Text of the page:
I have been birding since around 1994. Though I grew up in Perth, Western Australia, I was not a birder back then, something I now look back on with regret. Instead I took it up in a rather childish attempt to grip off PhD mate Steve Young with the easy south west WA endemics on a trip home to Perth. As cunning (or juvenile, whichever you prefer) and successful (yes, he was gripped) as this plan was, it also back-fired: I was bitten by the bug myself and I am now subject to the same swings of mood and fortune that beset all who pursue this fickle hobby. It has provided some fantastic experiences and taken me to some amazing places: like South Stack on Angelsey in June, wildflowers covering the clifftop and seabirds wheeling above and below; or watching the sun set over Holkham Pines in January as skeins of Pink-footed Geese fly over; from a walk through the jarrah bushland in Piesse Gully at dawn; to sleeping under the stars on the Extremaduran steppes, waking to the sound of hundreds of larks; and gazing over primary rainforest to the sound of lekking birds of paradise at the wonderful Keki Lodge in the Adelbert Mountains, Papua New Guinea.

My British birding dates from May 1997 when a trip to the north Norfolk coast revealed that there is a lot more to British birds than LBJs... and that there is a lot more to LBJs than drab looks.

Foreign birding, not counting WA, started in '99 with a long weekend trip to Extremadura, a place I have visited several times since. Various conferences have enabled me to tack a day or two onto the end of a work trip, birding in such places as Beijing (Baihe River), Rio de Janeiro (REGUA), Vienna (Neusiedlersee and the Hansag), Adelaide (Gluepot), Queenstown (Kaikoura), Bangkok (Pak Thale and Laem Pak Bia), Singapore (Panti Forest). Once or twice I have even accumulated sufficient brownie points for my wife and family generously to "grant permission" for a longer dedicated trip: PNG in 2008, The Philippines in 2010 and most recently South East Venezuela for a week in early Jan 2012.

Seeing birds well has always been a higher priority than photography for me, but as for many other birders, the advent of the digital age has made bird photography much more accessible and much cheaper. My early photos on film were mostly taken with a Canon A1 and 500mm mirror lens. From around 2002 I started digiscoping using a Swarovksi AT80HD (30ww eyepiece), a custom tube adaptor and a Nikon Coolpix 995. In 2007 I upgraded from the Coolpix to a Fuji F31fd which I used with a custom swing-out adaptor on the 30x eyepiece. In 2008 I took the plunge and bought a DSLR, a Canon 30d which I use with the Canon 100-400mm L-series lens. In 2010 I bought a 20-60x eyepiece (new style, but using it still with my AT80HD) and made a new slide on adaptor for the F31fd. Last year (2011) the trusty F31fd finally died and I replaced it with a Nikon P300 and made a zero-cost slide on adaptor from an old cup and bits of tape. The pictures on this site (except for a few by SMR Young) were all taken by me using one of the above combinations.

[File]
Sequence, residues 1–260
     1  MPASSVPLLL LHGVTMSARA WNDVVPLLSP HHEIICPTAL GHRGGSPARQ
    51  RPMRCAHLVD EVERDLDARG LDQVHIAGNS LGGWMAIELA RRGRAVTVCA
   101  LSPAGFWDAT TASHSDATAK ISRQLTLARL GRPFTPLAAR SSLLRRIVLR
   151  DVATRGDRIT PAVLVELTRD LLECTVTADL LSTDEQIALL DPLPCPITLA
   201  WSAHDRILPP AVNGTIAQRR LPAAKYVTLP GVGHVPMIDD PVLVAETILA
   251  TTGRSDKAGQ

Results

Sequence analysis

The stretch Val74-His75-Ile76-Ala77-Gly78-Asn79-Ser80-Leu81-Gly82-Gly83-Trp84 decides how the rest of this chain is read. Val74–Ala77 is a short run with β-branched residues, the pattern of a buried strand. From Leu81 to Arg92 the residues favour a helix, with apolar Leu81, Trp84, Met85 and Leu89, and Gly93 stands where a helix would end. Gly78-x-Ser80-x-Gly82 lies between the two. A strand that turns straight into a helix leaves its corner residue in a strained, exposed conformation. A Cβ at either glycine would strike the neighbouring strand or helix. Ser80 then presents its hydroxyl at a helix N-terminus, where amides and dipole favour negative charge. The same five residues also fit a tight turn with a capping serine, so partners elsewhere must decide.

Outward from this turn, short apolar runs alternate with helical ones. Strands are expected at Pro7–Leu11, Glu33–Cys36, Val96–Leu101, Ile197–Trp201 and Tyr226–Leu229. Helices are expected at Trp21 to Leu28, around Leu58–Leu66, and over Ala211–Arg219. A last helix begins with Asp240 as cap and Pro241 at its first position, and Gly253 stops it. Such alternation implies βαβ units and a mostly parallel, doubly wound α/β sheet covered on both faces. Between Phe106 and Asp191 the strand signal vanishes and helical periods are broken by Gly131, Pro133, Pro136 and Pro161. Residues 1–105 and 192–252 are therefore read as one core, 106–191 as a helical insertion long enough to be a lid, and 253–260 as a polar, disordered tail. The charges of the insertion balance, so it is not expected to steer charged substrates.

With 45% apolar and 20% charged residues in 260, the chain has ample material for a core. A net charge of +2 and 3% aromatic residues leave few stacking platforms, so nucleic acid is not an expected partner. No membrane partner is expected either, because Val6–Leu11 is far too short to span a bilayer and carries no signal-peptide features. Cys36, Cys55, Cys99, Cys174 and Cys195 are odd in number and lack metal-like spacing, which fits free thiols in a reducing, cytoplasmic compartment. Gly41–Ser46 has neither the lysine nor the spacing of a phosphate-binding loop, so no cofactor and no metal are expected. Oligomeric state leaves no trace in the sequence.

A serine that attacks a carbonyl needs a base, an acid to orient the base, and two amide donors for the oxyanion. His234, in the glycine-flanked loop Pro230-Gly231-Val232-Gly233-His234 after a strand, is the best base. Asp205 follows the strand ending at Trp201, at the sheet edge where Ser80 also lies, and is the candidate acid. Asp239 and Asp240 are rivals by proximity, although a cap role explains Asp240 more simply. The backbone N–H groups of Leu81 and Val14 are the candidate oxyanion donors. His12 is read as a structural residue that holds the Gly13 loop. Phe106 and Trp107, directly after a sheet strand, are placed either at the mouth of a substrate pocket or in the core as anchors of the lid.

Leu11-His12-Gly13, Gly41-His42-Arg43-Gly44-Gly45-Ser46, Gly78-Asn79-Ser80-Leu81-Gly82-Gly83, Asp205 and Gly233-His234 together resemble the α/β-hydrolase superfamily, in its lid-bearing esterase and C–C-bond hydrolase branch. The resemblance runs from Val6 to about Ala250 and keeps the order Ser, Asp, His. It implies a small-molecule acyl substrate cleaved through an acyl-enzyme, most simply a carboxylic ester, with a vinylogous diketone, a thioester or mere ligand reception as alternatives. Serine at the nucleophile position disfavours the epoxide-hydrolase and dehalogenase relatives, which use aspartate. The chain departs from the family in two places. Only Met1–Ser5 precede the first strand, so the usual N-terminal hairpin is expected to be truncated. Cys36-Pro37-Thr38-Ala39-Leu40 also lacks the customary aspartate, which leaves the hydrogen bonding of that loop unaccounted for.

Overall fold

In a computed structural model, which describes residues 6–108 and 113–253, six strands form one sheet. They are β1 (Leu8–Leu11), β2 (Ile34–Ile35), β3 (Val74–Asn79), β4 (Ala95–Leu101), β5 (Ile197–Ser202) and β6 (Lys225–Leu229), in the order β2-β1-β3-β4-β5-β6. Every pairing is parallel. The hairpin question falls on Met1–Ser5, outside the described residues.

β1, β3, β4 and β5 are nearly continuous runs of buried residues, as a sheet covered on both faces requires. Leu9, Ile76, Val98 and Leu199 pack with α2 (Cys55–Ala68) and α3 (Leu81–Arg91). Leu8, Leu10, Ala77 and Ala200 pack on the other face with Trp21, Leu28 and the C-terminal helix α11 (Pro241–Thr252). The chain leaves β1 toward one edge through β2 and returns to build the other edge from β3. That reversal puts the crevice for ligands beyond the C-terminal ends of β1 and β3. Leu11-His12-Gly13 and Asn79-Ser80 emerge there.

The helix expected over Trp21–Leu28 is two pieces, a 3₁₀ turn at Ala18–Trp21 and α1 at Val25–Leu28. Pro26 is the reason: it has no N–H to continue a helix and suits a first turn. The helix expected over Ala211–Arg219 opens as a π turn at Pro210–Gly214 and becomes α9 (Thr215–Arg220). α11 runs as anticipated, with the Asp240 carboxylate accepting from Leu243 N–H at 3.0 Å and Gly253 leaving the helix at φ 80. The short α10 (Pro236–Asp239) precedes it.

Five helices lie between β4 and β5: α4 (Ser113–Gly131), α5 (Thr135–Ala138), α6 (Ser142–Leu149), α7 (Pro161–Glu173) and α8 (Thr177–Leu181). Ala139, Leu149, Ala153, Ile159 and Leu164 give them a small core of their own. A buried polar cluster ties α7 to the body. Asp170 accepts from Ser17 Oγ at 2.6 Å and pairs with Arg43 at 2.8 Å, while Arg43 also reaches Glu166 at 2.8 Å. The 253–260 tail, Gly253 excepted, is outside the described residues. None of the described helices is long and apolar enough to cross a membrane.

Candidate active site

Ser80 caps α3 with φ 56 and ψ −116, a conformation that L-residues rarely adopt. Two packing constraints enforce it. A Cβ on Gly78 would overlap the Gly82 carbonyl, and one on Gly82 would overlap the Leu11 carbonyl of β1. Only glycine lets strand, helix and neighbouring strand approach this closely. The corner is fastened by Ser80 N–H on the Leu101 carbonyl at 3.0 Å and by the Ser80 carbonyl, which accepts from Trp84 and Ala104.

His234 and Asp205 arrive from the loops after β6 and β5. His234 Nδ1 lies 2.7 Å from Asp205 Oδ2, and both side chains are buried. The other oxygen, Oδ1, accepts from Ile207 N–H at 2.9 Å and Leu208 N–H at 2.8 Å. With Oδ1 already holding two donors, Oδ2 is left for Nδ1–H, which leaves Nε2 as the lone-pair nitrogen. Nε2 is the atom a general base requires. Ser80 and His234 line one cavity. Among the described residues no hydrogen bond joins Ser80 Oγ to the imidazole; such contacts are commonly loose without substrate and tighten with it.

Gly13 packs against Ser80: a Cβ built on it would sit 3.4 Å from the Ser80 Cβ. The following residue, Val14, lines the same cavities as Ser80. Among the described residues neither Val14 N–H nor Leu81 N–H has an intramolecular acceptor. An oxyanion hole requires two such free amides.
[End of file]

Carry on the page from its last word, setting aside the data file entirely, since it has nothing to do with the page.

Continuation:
Griffon Vulture, Monfrague Splendid Fairy-wren, Wungong Gorge
Indian Yellow-nosed Albatross, Hillarys
		   Pelagic Pin-tailed Manakin, REGUA
Silvery Kingfisher, PICOP Wallcreeper, Vadiello Dam
Fire-maned Bowerbird, Keki Lodge Marbled Frogmouth, Keki Lodge
Ptarmigan, Cairngorm Oriental Hobby, Keki Lodge
Ibisbill, Baihe River White-cheeked Honeyeater, Perth
Australian Pelican, Perth Azure-winged Magpie, Beijing
Channel-billed Toucan, Rio de Janeiro Lammergeier, Vadiello Dam